|Laman Webantu KM2: 6569 File Size: 10.8 Kb *|
AWise: Corridor To Where, Exactly? [MSC]
By Leonie Karkoviata
7/1/2002 9:43 pm Mon
Corridor To Where, Exactly?
By Leonie Karkoviata
Malaysians seem to be waking up to find their big IT dream squaring
with reality. Their Multimedia Super Corridor (MSC), Malaysia's
ambitious New Economy mega-development, seems more like a
complex property development than a mighty economic launch pad
to propel Malaysia onto the world media stage.
The project is supposed to fill a 15-kilometer tract leading south
from the capital's storied Petronas Towers through the Klang Valley
that surrounds Kuala Lumpur to the new International Airport (KLIA).
Besides being populated by hundreds of companies set in
campus-like spaces, the strip is reserved for conference, hotel and
recreational facilities as well as housing.
Several big names, though not nearly enough of them, have signed
up for MSC space in hopes of winning government favor. Oracle,
Sun Micro and mobile giant Ericsson are all signed up. But
Ericsson, to illustrate the problem, has taken only enough space to
house its local R&D unit and is disinclined to move its main
operation located elsewhere in the Klang Valley to the MSC.
The government's Multimedia Development Corporation (MDC) says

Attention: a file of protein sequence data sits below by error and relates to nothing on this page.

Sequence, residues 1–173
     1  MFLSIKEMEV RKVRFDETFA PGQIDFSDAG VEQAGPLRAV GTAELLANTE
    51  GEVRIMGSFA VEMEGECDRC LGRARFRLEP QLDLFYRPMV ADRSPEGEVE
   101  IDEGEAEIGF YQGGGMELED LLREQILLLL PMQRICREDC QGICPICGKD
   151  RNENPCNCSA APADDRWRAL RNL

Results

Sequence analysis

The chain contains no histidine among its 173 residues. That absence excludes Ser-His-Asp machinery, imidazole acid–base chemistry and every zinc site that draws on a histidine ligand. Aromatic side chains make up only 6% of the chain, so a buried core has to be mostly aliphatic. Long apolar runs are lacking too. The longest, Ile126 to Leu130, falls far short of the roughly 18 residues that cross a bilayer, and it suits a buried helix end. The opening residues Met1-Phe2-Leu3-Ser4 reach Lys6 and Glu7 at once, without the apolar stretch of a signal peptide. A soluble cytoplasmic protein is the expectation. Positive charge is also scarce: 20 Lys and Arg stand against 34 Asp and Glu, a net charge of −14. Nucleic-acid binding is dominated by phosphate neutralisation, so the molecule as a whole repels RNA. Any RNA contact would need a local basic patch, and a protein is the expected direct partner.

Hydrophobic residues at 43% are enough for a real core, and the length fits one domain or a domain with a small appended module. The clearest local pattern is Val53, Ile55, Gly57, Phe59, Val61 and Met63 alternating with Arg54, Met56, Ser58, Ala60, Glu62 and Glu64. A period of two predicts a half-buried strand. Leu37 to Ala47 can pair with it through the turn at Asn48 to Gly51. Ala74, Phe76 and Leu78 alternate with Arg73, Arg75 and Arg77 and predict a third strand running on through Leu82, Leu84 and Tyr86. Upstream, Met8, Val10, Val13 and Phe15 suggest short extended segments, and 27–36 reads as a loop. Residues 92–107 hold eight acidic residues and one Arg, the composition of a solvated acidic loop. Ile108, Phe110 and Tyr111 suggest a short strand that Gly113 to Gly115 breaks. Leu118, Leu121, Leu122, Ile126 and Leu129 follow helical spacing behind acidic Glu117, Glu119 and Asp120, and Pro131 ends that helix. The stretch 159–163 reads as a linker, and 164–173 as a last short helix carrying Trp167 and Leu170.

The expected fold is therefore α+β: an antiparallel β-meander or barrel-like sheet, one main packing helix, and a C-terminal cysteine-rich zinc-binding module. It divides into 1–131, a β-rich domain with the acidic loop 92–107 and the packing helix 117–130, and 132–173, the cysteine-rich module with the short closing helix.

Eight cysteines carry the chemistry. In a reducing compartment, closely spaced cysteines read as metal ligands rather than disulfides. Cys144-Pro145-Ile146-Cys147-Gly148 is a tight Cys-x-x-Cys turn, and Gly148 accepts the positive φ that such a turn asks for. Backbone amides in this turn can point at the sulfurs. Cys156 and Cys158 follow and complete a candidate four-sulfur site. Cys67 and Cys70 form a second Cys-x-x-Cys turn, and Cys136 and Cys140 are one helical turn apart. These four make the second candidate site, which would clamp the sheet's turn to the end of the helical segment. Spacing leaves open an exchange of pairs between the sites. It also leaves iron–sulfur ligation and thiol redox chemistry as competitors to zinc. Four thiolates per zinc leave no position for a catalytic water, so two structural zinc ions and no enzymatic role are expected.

it has already topped its 2003 target of recruiting 500 MSC status
companies. But only 54 of the 535 companies have opted to locate
in Cyberjaya, the project's supposed nerve center. Are most foreign
recruits only here to set up glorified sales offices? Many doubt that
the firms -- mostly hardware and software vendors, consultants and
the like -- will make for much new technology or contribute greatly
to the economy, for that matter.
As the MDC defines it, an MSC status company provides or is a
"heavy user" of multimedia products and services, and employs a
substantial number of knowledge workers. One requirement
stipulates companies must locate operations in one of the four
"cyber-cities" within the MSC. Besides the 54 companies in
Cyberjaya, there are 39 in Petronas Tower 2, 20 at UPM Research
Park and 71 at the Bukit Jalil Technology Park.
Among the government's incentives are tax breaks and R&D grants.
But as executives at Malaysian MSC status companies point out,
tax breaks really only benefit profitable companies, not start ups like
these. The MSC's much trumpeted formal networking events are few
and far between, they say, partly because people worth networking
with are pretty sparse.
The unsuperlike pace of the MSC's development combined with